Monday, October 8, 2007

National Bilingual Child Month


October is, among other things, Bilingual Child Month!
Back when my grandparents were children, just about everyone was bilingual! Families immigrated from other countries, so they still spoke their "mother tongue" at home... but often, when children went out into the world, they had to quickly learn English in order to get by. Kids who didn't learn to speak English quickly enough were often thought of as dumb, and might not get far in their classes. Kids who did learn English had to be able to translate for their parents in many situations!
Sadly, as all of those kids learned that English was the only acceptable language in public, many did not pass their mother-tongues on to their own children. This is why my own mother never learned Italian, even though her grandparents immigrated here from Italy and her mother was fluent in Italian. And thats why I don't speak Italian either!
Being raised bilingual can be wonderful for children. Little kids pick up second languages much faster than adults. Plus, children who are atleast exposed to a second language (even if they do not become fluent in the language) have a better understanding of the differences between cultures, and may be more interested in learning other languages in the future.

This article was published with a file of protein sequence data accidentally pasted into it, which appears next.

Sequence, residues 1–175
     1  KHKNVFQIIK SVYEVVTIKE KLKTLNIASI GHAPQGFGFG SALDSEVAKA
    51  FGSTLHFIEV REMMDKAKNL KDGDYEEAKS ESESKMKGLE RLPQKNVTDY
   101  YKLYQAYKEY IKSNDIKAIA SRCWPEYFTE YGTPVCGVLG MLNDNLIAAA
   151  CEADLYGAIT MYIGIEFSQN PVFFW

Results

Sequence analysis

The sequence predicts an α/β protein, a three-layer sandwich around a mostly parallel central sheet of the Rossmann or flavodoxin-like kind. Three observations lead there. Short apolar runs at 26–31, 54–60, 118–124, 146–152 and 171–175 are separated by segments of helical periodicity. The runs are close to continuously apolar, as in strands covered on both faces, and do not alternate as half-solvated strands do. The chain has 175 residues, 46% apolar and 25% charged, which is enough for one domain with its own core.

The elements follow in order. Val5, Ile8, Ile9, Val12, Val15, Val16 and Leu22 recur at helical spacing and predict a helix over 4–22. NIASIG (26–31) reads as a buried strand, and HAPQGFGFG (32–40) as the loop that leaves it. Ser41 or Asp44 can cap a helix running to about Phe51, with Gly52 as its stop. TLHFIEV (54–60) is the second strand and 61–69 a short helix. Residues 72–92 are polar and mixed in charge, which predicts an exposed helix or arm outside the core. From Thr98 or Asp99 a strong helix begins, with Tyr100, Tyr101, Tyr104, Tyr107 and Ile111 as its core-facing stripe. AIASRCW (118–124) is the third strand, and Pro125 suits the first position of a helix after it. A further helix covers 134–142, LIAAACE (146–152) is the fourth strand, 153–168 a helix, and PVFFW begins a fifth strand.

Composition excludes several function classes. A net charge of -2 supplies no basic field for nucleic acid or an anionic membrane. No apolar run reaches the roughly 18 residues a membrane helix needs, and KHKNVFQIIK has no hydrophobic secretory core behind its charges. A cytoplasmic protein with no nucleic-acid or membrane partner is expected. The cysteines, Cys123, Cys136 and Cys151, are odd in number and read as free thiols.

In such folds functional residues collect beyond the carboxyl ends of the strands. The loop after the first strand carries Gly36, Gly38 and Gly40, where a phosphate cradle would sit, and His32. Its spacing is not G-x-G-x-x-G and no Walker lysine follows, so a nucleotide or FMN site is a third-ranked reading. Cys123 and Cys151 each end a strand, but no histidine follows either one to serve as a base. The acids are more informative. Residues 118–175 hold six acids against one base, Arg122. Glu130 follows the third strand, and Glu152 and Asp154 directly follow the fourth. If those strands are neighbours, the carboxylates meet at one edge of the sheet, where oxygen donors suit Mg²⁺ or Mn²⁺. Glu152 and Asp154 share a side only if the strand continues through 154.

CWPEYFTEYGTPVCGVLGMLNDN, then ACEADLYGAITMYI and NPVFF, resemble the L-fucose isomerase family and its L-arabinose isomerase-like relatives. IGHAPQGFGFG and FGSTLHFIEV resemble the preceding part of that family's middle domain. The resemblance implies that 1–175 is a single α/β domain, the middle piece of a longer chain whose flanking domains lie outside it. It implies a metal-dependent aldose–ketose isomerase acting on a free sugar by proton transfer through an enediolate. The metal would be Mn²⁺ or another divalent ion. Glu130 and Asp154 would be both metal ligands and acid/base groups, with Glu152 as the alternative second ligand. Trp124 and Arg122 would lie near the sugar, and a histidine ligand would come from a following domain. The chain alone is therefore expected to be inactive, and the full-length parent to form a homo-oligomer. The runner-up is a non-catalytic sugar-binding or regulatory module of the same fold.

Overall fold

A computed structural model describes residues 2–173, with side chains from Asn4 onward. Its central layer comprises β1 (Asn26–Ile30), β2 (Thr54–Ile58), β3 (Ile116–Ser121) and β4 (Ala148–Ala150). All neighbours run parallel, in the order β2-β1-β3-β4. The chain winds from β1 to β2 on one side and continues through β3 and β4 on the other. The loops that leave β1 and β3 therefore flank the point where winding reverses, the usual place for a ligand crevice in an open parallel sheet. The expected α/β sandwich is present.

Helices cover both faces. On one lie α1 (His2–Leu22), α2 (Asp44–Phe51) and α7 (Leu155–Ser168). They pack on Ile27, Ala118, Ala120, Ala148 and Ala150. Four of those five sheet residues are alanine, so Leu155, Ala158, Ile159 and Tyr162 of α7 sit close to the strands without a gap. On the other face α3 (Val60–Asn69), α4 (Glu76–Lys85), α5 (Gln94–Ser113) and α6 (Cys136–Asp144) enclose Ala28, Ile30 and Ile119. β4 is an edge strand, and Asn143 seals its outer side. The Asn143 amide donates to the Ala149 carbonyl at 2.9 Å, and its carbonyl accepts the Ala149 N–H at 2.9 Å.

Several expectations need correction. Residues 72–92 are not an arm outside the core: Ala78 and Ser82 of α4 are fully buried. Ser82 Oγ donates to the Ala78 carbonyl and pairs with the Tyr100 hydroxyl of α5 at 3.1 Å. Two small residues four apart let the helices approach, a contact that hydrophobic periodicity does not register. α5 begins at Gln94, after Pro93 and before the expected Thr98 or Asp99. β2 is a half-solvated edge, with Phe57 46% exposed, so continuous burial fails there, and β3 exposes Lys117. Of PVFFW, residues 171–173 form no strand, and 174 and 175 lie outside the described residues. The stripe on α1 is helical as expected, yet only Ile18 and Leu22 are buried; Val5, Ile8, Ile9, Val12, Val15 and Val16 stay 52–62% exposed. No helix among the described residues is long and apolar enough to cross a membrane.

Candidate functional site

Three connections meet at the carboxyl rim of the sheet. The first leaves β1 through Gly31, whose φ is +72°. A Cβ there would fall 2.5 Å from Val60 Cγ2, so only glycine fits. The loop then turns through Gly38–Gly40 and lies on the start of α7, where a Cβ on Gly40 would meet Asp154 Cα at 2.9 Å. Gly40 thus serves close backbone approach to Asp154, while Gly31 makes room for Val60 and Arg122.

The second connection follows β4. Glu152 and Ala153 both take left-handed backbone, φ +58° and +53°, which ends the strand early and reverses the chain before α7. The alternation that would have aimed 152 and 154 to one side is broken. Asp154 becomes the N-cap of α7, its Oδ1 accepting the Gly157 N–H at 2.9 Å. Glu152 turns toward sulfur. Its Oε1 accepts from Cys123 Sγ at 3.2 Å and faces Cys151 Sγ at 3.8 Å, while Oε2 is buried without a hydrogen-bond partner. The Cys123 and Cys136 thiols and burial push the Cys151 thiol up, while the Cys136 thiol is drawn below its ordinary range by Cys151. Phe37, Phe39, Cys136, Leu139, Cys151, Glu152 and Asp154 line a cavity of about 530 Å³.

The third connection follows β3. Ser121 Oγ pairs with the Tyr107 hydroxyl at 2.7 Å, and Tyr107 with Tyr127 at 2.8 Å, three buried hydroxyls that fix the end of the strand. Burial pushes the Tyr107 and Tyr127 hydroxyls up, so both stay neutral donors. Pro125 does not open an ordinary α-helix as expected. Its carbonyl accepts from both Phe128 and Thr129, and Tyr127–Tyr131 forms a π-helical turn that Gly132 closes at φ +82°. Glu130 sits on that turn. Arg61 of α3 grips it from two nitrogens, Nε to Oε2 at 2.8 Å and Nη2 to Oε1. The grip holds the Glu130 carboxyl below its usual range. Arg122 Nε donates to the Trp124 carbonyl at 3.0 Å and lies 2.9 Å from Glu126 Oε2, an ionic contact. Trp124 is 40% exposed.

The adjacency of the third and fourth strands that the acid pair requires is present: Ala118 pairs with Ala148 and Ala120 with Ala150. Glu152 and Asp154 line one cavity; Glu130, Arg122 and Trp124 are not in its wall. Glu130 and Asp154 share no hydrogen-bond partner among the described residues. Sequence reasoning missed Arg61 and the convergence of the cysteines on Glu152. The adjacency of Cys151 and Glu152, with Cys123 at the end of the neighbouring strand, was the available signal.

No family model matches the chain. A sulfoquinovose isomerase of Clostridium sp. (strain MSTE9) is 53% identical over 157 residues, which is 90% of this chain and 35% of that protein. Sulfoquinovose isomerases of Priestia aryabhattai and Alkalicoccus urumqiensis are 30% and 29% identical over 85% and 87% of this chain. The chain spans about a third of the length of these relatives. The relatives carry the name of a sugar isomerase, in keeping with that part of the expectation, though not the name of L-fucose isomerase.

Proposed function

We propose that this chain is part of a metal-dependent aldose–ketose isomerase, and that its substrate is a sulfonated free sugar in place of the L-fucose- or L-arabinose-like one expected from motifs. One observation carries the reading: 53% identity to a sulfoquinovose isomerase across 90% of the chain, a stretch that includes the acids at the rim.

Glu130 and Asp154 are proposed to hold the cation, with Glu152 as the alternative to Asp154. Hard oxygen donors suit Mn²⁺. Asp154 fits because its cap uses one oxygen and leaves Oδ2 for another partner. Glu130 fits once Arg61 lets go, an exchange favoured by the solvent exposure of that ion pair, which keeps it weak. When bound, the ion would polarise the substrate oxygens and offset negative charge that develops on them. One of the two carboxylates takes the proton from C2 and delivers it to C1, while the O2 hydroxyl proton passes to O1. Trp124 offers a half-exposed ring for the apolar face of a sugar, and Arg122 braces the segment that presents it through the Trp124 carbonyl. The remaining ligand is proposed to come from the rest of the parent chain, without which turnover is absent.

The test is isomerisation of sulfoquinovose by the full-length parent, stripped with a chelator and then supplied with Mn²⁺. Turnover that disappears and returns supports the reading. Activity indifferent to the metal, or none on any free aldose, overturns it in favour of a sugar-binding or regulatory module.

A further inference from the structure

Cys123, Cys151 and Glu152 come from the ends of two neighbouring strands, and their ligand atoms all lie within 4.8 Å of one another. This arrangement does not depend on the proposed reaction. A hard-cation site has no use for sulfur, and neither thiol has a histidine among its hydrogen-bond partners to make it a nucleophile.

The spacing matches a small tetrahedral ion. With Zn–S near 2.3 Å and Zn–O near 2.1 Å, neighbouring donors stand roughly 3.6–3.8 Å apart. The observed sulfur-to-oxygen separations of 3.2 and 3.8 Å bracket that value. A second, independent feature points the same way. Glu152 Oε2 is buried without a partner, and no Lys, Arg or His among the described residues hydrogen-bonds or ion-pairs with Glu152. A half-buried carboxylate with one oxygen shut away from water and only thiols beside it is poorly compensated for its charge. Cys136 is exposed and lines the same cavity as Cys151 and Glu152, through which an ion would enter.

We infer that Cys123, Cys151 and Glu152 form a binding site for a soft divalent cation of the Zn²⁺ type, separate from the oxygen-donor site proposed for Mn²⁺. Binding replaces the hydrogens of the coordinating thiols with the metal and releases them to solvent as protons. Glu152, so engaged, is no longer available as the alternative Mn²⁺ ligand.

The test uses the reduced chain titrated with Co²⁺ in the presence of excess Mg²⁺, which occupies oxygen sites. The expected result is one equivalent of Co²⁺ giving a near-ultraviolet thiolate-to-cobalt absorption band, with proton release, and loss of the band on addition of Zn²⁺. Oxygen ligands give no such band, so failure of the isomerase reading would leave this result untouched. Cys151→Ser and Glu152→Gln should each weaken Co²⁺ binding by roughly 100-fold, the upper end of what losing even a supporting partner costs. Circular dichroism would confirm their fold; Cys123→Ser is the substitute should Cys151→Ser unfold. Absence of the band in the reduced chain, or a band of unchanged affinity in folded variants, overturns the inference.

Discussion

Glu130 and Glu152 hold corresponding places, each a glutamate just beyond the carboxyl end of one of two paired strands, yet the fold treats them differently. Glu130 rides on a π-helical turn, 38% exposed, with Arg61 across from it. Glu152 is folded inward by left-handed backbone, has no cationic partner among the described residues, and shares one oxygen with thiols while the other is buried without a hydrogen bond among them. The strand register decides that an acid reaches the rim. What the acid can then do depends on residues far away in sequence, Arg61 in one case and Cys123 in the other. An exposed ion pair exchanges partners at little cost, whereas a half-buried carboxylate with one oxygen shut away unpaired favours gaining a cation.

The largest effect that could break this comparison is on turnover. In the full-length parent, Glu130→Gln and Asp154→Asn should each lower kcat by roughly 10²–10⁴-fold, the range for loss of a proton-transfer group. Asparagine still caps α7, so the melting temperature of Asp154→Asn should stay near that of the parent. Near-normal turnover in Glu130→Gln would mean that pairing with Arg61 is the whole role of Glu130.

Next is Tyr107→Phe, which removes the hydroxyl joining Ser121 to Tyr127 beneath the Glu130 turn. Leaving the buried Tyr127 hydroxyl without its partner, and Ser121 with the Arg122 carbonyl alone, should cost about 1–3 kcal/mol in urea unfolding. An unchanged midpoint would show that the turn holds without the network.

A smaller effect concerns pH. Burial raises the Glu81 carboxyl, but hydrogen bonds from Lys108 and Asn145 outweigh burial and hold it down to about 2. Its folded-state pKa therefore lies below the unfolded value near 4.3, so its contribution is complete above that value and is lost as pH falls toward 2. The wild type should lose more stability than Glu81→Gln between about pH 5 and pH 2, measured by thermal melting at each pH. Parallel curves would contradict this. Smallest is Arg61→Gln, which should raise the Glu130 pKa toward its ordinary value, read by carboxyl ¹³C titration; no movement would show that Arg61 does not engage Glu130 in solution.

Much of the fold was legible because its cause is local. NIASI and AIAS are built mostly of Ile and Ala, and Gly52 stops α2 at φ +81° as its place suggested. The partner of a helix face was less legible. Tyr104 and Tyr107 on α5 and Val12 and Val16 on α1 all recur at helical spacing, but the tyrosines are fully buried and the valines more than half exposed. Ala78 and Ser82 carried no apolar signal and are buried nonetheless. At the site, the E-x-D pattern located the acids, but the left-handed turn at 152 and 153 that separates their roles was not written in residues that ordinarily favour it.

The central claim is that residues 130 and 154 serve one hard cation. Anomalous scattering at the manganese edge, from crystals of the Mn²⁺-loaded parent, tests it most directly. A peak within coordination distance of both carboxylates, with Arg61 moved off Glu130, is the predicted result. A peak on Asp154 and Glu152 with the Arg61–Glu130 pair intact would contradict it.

Some people worry that exposing a child to two different languages too early... for instance, introducing a toddler to Spanish when she hasn't even learned to speak her native language yet, or speaking English and French in equal amounts to a baby... can be bad for the child. People feel that hearing two differnet languages will confuse the child, and stunt his language development rather than make it stronger!
But actually, most children are able to sort out two different languages with not much trouble. Knowing two languages actually makes a child's brain more flexible, in a way, because he has more words to identify things and thoughts.
If you have a child in your life, learning a second language together can be a great way to spend quality time together and do some bonding. But don't make it just an extension of school work and drill the child with flashcards and quizzes! Take your time and have fun with it. Find cultural events that relate to the language you're learning. Make labels for the items in your house. Learn songs and jokes in the new language. Practice speaking the language together in casual conversation. You can even get special tapes or CD's meant to teach you and your kids a foreign language while you ride in the car together!
Deciding what language to learn can be fun, too. You and the child in your life may choose to learn a language that was once in your family (for instance, I wish I could learn Italian), you may decide to learn French because the child in your life wants to visit Paris someday, you may choose Spanish or Polish because the child in your life has friends who speak these languages as their native tongues!
By the way, if you have younger kids in your life (of the PBS Kids age) watching Dora The Explorer and Go Diego Go can be a great way to start learning Spanish together! The shows are actually broadcast in several other countries, with other languages dubbed over the English and Spanish. In fact, most other countries dub their own language over the English parts, and English over the Spanish parts, using the show to teach kids English instead of Spanish!

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